MINNEAPOLIS — The Twins announced Friday that reliever Casey Fien has been activated from the 15-day disabled list. To make room for Fien on the roster, Minnesota optioned right-hander Michael Tonkin to Triple-A Rochester.
Fien went on the disabled list on April 30 with a right shoulder strain, and Tonkin took his place on the roster at that point. Tonkin pitched in relief in 11 games and allowed four runs in seven innings.
Fien made three rehab appearances with Triple-A Rochester before being activated. He struck out three batters and didn’t give up a hit in three innings of work.
"I felt good. Pain free, easy to get loose. That was the main thing, when I was here and I was a little injured. It took me a lot longer to get ready. Being able to get ready in 12 to 15 pitches is perfect for me."
Before landing on the DL, Fien appeared in nine games and had a 4.35 ERA with three strikeouts in 10 1/3 innings. Though Fien was Minnesota’s setup man in the bullpen before his injury, Twins manager Paul Molitor said he expects Blaine Boyer to stay in the eighth-inning role for the time being even with Fien back in the bullpen.
"I would imagine that at least here in the short-term that if we get into a situation late and have a chance to get outs in the latter third of the game that Casey would probably precede Boyer into the game," Molitor said. "I think that could change, and we’ll have to see how Casey’s doing. But I think for now I’m comfortable with Boyer out there getting outs in the eighth inning."
As for the decision to option Tonkin over a few other pitchers, Molitor said it was a tough choice. Minnesota’s bullpen as a whole has been solid as of late, but someone had to be the odd man out with Fien’s return.
"I think at this level, it’s almost always difficult," Molitor said. "When you look at Michael Tonkin, I think he’s been up here almost exactly a month or close to it. All the outings weren’t great, but when you think about games we won over the past two, three weeks, there’s been a lot of times when he’s gotten really big outs. I let him know that we saw that. We know that he’s a guy that can help us up here."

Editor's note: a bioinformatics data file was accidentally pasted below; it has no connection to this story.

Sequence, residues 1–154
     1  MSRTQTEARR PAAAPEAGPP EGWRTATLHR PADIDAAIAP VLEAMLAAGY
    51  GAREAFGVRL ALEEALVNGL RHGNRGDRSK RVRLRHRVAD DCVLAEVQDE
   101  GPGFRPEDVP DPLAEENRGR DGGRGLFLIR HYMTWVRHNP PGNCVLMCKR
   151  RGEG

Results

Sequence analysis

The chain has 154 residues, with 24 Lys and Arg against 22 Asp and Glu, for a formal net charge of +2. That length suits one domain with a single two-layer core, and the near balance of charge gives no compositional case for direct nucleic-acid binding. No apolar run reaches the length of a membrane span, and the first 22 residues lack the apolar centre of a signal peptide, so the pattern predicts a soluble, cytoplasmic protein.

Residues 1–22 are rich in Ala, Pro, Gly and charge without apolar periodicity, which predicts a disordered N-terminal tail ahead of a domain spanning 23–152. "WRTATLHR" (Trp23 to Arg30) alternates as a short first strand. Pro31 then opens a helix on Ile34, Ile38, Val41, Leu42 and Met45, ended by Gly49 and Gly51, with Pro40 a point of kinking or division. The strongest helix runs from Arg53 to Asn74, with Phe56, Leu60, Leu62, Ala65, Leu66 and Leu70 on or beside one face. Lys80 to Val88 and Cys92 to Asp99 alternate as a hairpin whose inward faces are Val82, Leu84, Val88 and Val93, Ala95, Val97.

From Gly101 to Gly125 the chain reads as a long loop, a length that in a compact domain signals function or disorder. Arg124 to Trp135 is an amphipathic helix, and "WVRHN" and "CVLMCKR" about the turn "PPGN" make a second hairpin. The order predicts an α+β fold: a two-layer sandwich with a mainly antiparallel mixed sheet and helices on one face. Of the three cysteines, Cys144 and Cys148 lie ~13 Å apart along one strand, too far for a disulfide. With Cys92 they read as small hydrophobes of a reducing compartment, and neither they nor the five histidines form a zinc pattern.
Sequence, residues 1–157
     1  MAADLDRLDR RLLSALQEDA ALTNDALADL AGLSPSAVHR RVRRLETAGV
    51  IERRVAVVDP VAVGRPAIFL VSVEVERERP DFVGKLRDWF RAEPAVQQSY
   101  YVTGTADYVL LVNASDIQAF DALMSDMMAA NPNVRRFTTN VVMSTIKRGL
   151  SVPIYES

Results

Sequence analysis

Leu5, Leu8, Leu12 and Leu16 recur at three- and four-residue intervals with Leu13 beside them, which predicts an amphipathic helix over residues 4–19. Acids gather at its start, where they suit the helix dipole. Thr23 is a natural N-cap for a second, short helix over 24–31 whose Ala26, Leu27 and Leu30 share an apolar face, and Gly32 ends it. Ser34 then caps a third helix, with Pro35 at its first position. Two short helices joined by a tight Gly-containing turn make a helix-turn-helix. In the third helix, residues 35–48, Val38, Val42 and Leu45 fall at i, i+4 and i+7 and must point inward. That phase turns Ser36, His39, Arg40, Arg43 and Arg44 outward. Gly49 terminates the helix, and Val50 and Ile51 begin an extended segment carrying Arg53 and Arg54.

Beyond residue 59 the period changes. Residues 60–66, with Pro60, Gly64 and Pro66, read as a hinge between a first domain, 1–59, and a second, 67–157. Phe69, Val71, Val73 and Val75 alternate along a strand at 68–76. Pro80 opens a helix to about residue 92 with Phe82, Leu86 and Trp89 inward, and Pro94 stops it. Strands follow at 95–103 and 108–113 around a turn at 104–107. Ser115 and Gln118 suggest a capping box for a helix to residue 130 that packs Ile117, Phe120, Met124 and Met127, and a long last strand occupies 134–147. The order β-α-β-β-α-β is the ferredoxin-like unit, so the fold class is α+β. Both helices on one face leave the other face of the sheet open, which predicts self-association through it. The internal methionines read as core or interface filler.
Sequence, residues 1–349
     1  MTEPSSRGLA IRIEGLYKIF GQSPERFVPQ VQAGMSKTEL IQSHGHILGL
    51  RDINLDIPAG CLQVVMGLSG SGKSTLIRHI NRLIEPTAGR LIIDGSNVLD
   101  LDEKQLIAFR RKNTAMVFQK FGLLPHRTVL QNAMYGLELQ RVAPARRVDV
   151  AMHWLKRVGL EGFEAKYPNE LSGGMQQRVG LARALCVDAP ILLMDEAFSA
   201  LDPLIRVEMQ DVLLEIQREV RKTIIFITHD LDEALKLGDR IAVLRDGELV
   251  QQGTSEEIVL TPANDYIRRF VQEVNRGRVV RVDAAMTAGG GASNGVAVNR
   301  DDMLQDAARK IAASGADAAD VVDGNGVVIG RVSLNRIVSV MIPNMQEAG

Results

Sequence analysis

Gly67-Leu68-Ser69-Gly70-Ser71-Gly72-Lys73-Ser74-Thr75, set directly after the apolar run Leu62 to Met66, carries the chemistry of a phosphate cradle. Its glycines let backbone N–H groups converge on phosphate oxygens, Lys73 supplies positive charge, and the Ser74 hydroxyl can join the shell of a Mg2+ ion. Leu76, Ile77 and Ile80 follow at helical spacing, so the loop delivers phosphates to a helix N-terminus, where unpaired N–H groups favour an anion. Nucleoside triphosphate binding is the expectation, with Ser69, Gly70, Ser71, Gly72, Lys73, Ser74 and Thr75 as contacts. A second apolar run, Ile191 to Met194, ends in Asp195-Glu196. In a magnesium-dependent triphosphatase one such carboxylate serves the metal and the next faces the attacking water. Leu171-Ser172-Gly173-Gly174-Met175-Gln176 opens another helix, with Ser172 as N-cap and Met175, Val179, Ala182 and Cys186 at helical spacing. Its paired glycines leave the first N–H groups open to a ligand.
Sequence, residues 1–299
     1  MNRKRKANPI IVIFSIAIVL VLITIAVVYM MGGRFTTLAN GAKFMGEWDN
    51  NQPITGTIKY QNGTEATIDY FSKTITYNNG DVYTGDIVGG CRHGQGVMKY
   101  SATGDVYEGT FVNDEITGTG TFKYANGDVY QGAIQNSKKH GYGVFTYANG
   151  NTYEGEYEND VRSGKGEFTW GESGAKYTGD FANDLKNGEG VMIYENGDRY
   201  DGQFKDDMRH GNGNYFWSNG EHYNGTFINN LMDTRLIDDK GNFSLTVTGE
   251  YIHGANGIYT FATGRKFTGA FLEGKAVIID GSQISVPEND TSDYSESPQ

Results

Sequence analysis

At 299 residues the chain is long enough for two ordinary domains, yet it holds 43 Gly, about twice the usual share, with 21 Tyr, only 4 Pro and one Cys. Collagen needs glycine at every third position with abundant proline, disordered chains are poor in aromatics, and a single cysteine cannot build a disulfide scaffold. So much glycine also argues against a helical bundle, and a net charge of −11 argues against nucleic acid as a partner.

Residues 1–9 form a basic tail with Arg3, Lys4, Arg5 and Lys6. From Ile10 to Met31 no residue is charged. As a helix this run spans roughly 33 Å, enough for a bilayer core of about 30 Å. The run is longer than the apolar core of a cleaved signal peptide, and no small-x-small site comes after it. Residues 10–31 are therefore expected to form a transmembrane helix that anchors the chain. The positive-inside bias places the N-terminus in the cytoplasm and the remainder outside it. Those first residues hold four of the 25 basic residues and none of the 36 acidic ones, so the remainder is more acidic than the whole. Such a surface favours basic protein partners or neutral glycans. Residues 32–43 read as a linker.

Colabello makes return as a Blue Jay: Chris Colabello was nearly destined to be a minor league lifer, someone who put up with years of bus rides just to keep playing the game of baseball without ever tasting the big leagues.
In 2012, the Twins organization gave Colabello a shot in the minor leagues. By 2013, he was finally a major leaguer after spending seven years in independent ball. And in 2014, Colabello’s hot bat carried Minnesota’s offense through the first month of the season.
But a thumb injury in late April of last year hampered him the rest of the way. After hitting .295 with three homers and 27 RBI in April, Colabello cooled off due to nerve damage in his thumb and hit just .229 for the entire season and played in only 59 games.
"It’s arguably the hardest thing I’ve ever had to go through in my life," Colabello said of the thumb injury. "Being in pain every day, writhing pain every time you didn’t square up a baseball and trying to figure out ways to make it not hurt instead of going up to bat finding ways to compete. That was what I was doing every day from April 23rd or 24th on. Obviously, it had an impact on me but I wanted to try and go out there and help the team. Whether that was smart or stupid, I’m really not sure.
Toronto claimed him off waivers in December and gave him another opportunity. Despite not making the Blue Jays’ 25-man roster out of spring training, Colabello was called up in early May. So far, the 31-year-old outfielder is hitting .386 with three homers and 12 RBI in 22 games.
It’s a bit reminiscent of the hot start Colabello had last April, which led to the Twins giving away a Colabello cowbell to fans. The red cowbell with his No. 20 on it were a hit with the fans, but Colabello wasn’t sure if he had any left. He said his mom gave most of them away.
"She might have a couple," Colabello said. "Somebody handed me one when I walked in today."
Though Colabello’s major league stint with the Twins lasted just 114 games over two years, he looks back fondly at his time in Minnesota. The Twins gave him a chance to play in the majors, and he’s continuing to chase that dream in Toronto.
"I think grateful’s the word that comes to mind, first and foremost," Colabello said of his Twins memories. "I met a lot of good people. I’m thankful for everything. When nobody else would give me a chance, this organization did."